So, then, what is SOA? For one thing, SOA is misnamed. It’s not an architecture in any sense of the word. It is, to use a Burton Group phrase, a mind set. It is the generally held belief that when implementing systems one should expose system functionality for general consumption directly from the network, as well as or instead of burying it behind a user interface. It is, as well, the belief that there is a great deal of value to be generated by retrofitting network accessibility into most existing systems. And it is the belief that this can only work if the means of doing so aren’t locked to a particular language, framework, operating system, vendor, or network architecture.
Another problem with the SOA name is the “service” bit. At least for me, the term “service” connotes a collection of non-uniform operations. I don’t even like the phrase “REST Web services.” Certainly, SOAP/WS-*, CORBA, DCOM, etc. fit this definition. But REST? Not so much. In REST the key abstraction is the resource, not the service interface. Therefore SOA (and I know this is not anyone’s strict definition) encompasses the above mind set, but includes SOAP and similar technologies and excludes REST.
A better name for SOA, then, might be network-oriented computing (NOC). This encompasses both WS-* and REST (and most everything else from the socket level up). We can, if we want, make SOA and resource-oriented architecture (ROA) a subset of NOC. In which case the “architecture” bit makes sense again.
“But wait,” I hear my SOA-loving readers say. “SOA is not about exposing business logic on the network. That’s just a technology thing. SOA is about the business! CxOs and business units don’t care about technology, they will only pay for business solutions.” Which always makes me scratch my head. What exactly does IT ever do that’s not about the business? Do they not work for the same company as the other BUs? Is a firewall about the business? Of course it is; there’s a business requirement to maintain information security. Is a router about the business? Obviously, the business is demanding networked communications. Is an application server about the business? Yep, having someone else write all the plumbing gets systems out faster, and that’s a business requirement. How about Agile? That too is a business requirement, faster, better software. Testing? Yes. VoIP? Yes. SOA? Yes.
“No, no,” the SOA-is-business advocates reply. “It’s not just ‘business’ it’s better alignment with business. You see, if we can identify a business process such as ‘open new account,’ then we can create a service called OpenNewAccount. You see how those things line up there.” All well and good, say I, but as Stu and Steve say, “Things change. And besides, what if you’re in perfect alignment with the business, but the system doesn’t work? What if it doesn’t scale? What if clients can’t use it? What if the programmers can’t code it?”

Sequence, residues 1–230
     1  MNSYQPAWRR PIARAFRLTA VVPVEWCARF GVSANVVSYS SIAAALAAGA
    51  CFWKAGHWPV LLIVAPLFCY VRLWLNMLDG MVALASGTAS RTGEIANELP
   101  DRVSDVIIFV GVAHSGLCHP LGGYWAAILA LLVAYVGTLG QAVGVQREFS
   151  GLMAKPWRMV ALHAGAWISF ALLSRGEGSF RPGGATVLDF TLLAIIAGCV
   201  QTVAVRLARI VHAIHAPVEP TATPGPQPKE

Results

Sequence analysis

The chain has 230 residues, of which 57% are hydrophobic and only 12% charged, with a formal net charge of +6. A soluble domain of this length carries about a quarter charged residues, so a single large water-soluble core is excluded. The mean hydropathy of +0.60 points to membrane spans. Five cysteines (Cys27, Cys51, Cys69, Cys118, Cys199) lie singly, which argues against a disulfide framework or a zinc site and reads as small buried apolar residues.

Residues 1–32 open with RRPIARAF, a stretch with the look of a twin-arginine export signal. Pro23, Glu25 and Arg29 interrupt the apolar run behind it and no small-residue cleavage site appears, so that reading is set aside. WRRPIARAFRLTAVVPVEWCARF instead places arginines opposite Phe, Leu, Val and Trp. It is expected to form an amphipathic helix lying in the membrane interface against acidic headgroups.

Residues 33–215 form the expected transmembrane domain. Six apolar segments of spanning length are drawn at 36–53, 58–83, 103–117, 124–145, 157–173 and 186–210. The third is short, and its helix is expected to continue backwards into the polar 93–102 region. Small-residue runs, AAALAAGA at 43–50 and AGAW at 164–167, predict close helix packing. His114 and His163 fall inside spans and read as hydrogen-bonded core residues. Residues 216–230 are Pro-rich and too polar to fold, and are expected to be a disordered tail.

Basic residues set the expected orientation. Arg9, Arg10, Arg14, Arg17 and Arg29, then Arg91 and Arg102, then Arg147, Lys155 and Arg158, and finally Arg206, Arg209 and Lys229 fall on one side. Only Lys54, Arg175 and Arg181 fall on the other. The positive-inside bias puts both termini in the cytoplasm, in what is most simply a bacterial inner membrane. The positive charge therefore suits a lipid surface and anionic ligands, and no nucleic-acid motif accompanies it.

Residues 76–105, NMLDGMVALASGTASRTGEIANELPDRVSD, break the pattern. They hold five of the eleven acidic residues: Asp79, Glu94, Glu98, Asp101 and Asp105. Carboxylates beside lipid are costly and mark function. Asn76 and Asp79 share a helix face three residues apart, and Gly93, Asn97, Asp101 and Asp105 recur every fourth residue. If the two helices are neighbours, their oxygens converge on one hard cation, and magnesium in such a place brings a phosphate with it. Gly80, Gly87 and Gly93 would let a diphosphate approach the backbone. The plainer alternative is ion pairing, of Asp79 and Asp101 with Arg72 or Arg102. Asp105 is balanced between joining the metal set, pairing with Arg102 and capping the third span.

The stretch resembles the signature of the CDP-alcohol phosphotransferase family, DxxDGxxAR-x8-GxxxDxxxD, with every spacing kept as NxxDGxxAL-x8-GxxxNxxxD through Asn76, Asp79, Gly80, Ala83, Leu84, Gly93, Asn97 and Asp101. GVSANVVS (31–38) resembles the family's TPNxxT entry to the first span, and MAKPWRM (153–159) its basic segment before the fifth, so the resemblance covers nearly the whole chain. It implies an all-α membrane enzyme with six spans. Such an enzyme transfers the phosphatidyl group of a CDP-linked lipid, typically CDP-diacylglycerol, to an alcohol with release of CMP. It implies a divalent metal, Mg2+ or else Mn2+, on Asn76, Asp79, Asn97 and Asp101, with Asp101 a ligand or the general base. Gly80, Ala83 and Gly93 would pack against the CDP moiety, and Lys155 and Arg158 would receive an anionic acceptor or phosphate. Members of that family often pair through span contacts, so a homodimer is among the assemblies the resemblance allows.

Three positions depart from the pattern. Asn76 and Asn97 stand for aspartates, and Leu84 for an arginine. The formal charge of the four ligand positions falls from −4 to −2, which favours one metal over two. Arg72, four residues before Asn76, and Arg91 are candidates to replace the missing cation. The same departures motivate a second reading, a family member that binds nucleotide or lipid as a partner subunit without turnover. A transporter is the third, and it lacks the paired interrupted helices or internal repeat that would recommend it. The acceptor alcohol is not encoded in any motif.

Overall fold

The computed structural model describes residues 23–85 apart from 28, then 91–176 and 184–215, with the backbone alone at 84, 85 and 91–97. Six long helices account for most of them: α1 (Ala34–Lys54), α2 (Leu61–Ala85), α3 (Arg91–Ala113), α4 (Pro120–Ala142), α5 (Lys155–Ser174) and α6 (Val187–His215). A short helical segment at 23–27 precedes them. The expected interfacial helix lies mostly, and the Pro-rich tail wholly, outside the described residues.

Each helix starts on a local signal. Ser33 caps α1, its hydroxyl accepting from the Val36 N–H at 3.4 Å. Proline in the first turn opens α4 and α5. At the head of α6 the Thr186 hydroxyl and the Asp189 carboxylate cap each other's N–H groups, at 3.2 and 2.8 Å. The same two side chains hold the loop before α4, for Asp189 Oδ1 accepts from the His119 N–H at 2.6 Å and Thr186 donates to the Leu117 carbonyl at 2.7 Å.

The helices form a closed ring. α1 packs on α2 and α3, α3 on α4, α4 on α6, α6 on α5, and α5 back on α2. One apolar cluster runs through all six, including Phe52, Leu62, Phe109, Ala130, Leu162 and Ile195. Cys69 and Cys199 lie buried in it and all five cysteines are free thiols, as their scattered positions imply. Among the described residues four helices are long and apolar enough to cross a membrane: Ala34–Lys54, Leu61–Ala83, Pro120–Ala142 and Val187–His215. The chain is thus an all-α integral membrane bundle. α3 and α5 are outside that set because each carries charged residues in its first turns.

“Well, it’s not just about business alignment,” another group of SOA advocates claim. “It’s really about governance.” Again, I’m scratching my head here. Everything is about governance! Software development (network-oriented or not) is about governance: ‘You must use a version control system; you must write unit tests.’ Moving systems into production is about governance. Updating a routing table is about governance. Hiring a new employee is about governance. Buying a plane ticket is about governance.
“No, no.” They go on. “With SOA there’s new things to govern.” That’s true, there are. But really, is it that much different than any other governance process? Not really.
(By the way, I’m also on record as saying that REST requires less governance than WS-*. While others might say the governance needs are the same. I stand by what I say by noting that if there’s any chance in hell of getting all this to work, it’s going to require a truck-load of governance.)
So, that’s it. As Stefan also points out, SOA today has a number of fluid definitions: It’s the notion of tearing down silos and making functionality available on the network (frequently with the WS-* stack implied), it’s the use of governance to ensure that people do this right, and its the alignment of business with IT. If any of these can be considered more right than the other (by usage or historical precedent), then I would have to say it’s the first.
No matter which definition works for you, though, SOA is misnamed. So I’ll leave you with some updates to your lexicon:
- Network Oriented Computing (NOC): An approach to computing that makes business logic available over the network in a standardized and interoperable manner.
- Service Oriented Architecture (SOA): A technical approach to NOC that has a non-uniform service interface as its principle abstraction. Today, SOAP/WS-* is the chief implementation approach.
- Resource Oriented Architecture (ROA): A technical approach to NOC that has an addressable, stateful resource as its principle abstraction. Today, REST/HTTP is the chief implementation approach.
- Business Service Architecture (BSA): An unnecessary term (also not an architecture) that tries to make the obvious something special. Aka, business analysis. Aka, requirements gathering.